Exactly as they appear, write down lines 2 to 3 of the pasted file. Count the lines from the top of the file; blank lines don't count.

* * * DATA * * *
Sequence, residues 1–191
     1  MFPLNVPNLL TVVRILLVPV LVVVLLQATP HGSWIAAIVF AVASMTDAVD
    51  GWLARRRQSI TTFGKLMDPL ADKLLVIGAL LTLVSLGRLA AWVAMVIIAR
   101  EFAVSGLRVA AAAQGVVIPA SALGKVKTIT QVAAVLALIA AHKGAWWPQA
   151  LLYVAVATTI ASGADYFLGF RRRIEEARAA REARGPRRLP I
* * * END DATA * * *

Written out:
     1  MFPLNVPNLL TVVRILLVPV LVVVLLQATP HGSWIAAIVF AVASMTDAVD
    51  GWLARRRQSI TTFGKLMDPL ADKLLVIGAL LTLVSLGRLA AWVAMVIIAR